Odd-even rule for motorcycles irks commutersThe rule will affect hundreds of people who rely on two-wheelers to get to work and run their businesses.
After coming up with a rule to ban pillion riding on motorbikes last week, officials on Monday strictly enforced the odd-even rule for two wheelers as well without providing prior notice to the public.
Hundreds of riders, most of them members of the working class, have been forced to rely on motorbikes and scooters to go to work as public transport remains suspended. The government’s unrealistic and impractical rule has aggrieved people already reeling under the effects of the lockdown, members of the general public said.
“The new rule is so unrealistic and very problematic for working class people like me,” said Bishnu Syangden, 27, who runs a trekking office in Thamel.
“I need to visit banks and finance offices almost every day as I need to manage the transition to normality after a long lockdown. I also need to meet my friends in business, but this odd-even number has restricted my mobility,” said Syagden, who relies on his scooter to go around the city.
Under the odd-even rule, vehicles with odd number plates are allowed to ply the road only on odd days of the Nepali calendar, and those with even number plates on even days.
According to the Department of Transport Management, until the last fiscal year 3.53 million vehicles were registered in Bagmati zone, of which 2.5 million were motorbikes and scooters. The data shows that most commuters in the city own a two-wheeler, and at least two members of the family rely on a single motorbike to get to work, as they can’t afford to buy a motorbike for each member of the family.
On Thursday evening the government had announced that the odd-even scheme would only be applicable to four-wheelers, but pillion riding won’t be allowed on two wheelers. The rule was so unclear that the Metropolitan Traffic Police Division faced a hard time enforcing them. But later, the rule was changed and the odd-even order was applicable for motorbikes and scooters as well.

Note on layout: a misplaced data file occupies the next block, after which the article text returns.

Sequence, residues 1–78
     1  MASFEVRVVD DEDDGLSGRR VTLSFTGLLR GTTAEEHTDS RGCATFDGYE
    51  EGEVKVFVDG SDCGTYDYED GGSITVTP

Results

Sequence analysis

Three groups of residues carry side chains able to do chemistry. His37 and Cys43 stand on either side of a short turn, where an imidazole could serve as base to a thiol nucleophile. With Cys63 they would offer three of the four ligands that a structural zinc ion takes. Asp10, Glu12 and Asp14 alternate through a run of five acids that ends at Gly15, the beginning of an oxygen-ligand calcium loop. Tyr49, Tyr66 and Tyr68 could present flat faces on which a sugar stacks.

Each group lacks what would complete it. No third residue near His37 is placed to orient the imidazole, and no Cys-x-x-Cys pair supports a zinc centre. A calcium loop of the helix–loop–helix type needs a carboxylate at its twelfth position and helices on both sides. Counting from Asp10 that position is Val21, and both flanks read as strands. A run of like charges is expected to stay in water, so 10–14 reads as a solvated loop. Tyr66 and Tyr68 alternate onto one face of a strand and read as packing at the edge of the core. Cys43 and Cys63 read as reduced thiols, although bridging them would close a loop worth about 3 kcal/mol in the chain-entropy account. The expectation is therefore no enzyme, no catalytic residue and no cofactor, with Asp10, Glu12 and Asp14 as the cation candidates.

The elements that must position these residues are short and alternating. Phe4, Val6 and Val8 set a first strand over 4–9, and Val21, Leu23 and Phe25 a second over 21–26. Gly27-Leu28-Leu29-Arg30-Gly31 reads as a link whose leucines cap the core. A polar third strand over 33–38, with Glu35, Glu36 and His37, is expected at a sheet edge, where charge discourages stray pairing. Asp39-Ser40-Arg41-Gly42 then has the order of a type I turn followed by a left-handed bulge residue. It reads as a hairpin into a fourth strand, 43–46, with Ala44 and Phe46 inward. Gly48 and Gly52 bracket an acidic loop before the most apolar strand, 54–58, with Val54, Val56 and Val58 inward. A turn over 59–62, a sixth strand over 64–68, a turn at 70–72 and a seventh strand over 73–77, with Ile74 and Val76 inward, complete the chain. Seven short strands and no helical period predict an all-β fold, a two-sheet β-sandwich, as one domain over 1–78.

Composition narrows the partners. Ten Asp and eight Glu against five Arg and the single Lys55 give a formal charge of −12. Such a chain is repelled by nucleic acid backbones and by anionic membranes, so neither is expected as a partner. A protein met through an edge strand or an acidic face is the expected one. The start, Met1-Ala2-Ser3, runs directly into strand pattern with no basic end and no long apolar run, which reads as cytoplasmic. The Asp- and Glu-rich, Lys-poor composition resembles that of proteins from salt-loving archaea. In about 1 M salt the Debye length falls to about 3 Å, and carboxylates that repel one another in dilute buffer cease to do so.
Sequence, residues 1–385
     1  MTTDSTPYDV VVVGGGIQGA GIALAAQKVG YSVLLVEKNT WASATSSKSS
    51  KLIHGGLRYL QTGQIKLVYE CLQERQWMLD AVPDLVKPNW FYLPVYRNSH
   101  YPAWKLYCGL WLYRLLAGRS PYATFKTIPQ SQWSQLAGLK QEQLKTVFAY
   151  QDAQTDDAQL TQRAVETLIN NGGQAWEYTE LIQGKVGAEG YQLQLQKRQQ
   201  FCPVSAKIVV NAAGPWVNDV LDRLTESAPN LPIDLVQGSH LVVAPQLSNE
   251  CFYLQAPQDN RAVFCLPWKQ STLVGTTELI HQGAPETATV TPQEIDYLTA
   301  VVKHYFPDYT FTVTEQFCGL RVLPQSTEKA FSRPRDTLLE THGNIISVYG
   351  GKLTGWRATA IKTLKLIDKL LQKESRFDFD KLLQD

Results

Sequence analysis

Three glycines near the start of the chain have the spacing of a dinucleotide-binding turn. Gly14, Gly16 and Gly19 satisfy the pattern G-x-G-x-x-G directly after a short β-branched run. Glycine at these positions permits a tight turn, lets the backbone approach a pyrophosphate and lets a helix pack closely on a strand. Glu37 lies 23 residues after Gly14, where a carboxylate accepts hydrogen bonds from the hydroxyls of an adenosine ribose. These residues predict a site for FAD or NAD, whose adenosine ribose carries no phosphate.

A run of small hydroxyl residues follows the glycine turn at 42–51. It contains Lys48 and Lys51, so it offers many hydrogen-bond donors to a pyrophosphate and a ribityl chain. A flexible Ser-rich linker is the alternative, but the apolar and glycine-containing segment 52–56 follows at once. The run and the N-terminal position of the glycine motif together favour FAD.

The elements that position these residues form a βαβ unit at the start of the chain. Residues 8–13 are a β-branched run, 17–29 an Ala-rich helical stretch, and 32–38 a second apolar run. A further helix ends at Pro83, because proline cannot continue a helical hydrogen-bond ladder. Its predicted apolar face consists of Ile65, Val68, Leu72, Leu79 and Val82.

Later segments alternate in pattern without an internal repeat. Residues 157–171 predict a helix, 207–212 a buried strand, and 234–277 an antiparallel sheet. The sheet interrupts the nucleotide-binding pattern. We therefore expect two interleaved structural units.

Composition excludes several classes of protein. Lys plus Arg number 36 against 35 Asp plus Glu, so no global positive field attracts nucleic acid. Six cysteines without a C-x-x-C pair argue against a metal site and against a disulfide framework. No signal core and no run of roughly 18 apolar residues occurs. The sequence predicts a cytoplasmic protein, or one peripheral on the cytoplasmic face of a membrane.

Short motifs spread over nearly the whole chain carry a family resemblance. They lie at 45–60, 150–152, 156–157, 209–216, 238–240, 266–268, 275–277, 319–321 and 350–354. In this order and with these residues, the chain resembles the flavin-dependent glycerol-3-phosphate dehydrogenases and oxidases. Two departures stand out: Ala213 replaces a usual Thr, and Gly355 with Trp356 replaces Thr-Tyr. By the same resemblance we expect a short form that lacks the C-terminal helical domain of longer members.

Metropolitan Traffic Police said on Monday, that officials impounded 1,569 two wheelers and 254 four wheelers for disobeying the odd-even rule and a handful of motorbikes with pillion riders.
“I don’t see any logic behind the government's rules. Why doesn't the government allow pillion riding?” questions Suraj Parajuli, 31, a local of Sankhamul, who goes to work on his motorbike. “During the time of such a pandemic, nobody is going to ask for a lift or offer it to others. Why doesn't the government use this simple logic,” he said.
Superintendent Jeevan Kumar Shrestha, spokesperson for the traffic division, said his office enforced the new rule after it received directives from the home ministry. “We are strictly enforcing the ministry’s rules. But we won’t obstruct two-wheelers that need to go to the hospital,” said Shrestha.
The division office says nearly 1,400 traffic police officials have been deployed all across the Valley at over 40 points to make sure the rule is obeyed.